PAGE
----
29. 29. e. A co-conspirator not named as a defendant herein was a foreign citizen who fraudulently maintained student visa status through ZHANG and LIU (hereinafter "CC-1"). Overview of Investigation 2. Beginning in or about September 2013, federal agents from HSI, using the School, commenced an undercover operation to investigate criminal activities associated with the Student and Exchange Visitor Program ("SEVP"), including, but not limited to, student visa fraud and the harboring of aliens for profit. A brief summary of the SEVP is described in Paragraph 4, below. 3. During the course of the investigation, HSI agents identified numerous individuals and organizations that used the SEVP as an instrument to engage in criminal conduct. Specifically, as described more fully below, the investigation revealed that defendants ZHANG and LIU enabled numerous foreign individuals to fraudulently maintain non-immigrant status and obtain employment authorization to remain in the United States on the false pretense that these aliens were participating in full courses of study at an academic institution.' In truth and in fact, ZHANG and LIU, with full knowledge that the aliens would not attend any actual courses, earn actual credits, or make academic progress toward an actual degree in a particular field of study, fraudulently maintained student visa status in exchange for kickbacks, or "commissions" from individuals they believed were co-schemers. Additionally, ZHANG and LIU facilitated the creation of false student records, including transcripts, for some of the foreign students for the purpose of deceiving immigration authorities. Summary of Relevant Immigration Policies and Procedures 4. From my training and experience as a Special Agent with HSI, and from speaking with individuals and officials with knowledge of the SEVP with the Department of Homeland Security, I have learned about the requirements that foreign citizens must comply with under United States immigration law, including the following: a . The United States requires individuals from most foreign countries to obtain a visa prior to entry into the United States. As they apply to this investigation, non-immigrant visas are required for foreign citizens who 1. Your Affiant is aware that this type of SEVP-related fraud is commonly referred to as a "pay to stay" scheme. - 2 -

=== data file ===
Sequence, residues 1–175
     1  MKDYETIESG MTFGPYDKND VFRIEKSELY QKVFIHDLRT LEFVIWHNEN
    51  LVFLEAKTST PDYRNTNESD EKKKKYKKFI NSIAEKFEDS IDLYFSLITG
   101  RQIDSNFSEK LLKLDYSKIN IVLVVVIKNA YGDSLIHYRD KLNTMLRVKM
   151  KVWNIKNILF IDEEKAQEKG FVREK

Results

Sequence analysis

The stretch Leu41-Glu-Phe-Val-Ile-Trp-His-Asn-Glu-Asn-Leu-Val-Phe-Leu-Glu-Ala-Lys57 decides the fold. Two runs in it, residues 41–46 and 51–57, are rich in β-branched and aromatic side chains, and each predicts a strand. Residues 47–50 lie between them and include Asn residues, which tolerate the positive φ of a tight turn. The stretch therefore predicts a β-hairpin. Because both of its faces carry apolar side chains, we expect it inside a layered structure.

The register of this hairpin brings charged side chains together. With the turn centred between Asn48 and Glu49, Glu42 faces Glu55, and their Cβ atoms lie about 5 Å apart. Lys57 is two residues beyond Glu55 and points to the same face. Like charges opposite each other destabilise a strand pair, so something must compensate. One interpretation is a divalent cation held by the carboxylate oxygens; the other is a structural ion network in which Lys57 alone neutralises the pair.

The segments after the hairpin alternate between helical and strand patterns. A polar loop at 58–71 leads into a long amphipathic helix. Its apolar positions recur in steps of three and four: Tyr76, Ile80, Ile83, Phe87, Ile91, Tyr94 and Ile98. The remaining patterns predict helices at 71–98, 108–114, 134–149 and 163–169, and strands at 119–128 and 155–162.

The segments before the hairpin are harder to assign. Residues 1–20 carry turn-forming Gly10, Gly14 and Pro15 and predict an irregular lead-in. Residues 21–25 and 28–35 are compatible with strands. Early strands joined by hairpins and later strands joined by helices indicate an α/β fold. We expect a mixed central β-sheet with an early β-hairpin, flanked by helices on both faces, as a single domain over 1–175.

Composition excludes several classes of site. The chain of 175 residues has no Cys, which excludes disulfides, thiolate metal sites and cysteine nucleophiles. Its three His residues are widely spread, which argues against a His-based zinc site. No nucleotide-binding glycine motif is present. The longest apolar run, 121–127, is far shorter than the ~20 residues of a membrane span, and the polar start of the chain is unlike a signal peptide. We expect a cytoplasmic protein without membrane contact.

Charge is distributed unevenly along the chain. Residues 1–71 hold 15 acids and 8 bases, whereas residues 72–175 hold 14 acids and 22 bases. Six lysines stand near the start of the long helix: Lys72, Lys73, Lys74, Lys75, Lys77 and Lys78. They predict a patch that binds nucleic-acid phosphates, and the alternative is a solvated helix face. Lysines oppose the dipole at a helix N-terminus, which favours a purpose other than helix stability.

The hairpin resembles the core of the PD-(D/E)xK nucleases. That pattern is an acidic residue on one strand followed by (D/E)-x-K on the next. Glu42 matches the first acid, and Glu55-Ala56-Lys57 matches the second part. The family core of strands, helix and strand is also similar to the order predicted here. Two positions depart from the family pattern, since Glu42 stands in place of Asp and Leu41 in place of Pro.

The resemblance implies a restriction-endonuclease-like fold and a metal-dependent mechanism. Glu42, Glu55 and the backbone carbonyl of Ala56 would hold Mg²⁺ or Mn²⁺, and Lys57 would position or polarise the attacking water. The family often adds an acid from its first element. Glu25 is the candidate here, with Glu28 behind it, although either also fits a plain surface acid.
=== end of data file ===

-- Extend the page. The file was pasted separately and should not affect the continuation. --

30. 30. intend to enter the United States on a temporary basis, such as for tourism, medical treatment, business, temporary work, or study.2 b . A foreign citizen who wishes to enter and remain in the United States on a temporary basis to pursue a course of study at a college, university, seminary, conservatory, academic high school, or other academic institution, or for English language training (commonly referred to as "ESL"),3 must first obtain an F-1 non-immigrant visa, also known as a student visa ("F- 1 visa"). c. An F-1 visa is only valid for a temporary period, called the "duration of status," which status lasts as long as the foreign citizen is enrolled as a full-time student in an approved educational program and making normal progress toward completion of the course of study.4 Pursuant to 8 C.F.R. § 2 14.2(f)(6), a full course of study for a foreign citizen studying a language or other non-vocational training program under an F-1 visa (an "F-1 student") requires eighteen (18) clock hours of attendance per week, assuming the dominant portion of the course consists of classroom instruction. Significantly, when a foreign citizen stops pursuing a full course of study, the duration of status on his or her F-1 visa ends and the temporary period for which the individual was admitted to the United States expires. · 2. Under 8 U.S.C. § 1101 (a)(15)(F)(i), an F- 1 student (i.e., a non-immigrant alien admitted to the United States on a temporary basis to pursue a course of study) is defmed as follows: "an alien having a residence in a foreign country which he has no intention of abandoning, who is a bona fide student qualified to pursu e a full course of study and who seeks to enter the United States temporarily and solely for the purpose of pursuing such a course of study consistent with section 1184(1) of this title at an established college, university, seminary, conservatory, academic high school, elementary school, or other academic institution or in an accredited language training program in the United States, particularly designated by him and approved by the Attomey General after consultation with the Secretary of Education...." 3 . One area of study available to F-1 students includes English language training, or ESL, courses. In order to pursue ESL studies, an F-1 student must enroll in an SEVP-certified English language training program. ESL students are not eligible for online or distance education, as all training must take place in a classroom (or computer lab) setting for a minimum of eighteen (18) hour per week. A foreign citizen who is granted an F-1 visa to participate in an ESL program may not obtain work authorization. 4. Certain F-1 students (identified as "Border Crossing'' students from Mexico or Canada who attend a school within 75 miles of a land border) may be admitted to the United States until a date certain , rather than for duration of status. See 8 C.F.R. § 214.2(f)(l8). Non e of the foreign individuals associated with this investigation were the recipient of a "Border Crossing" F-1 visa. - 3 -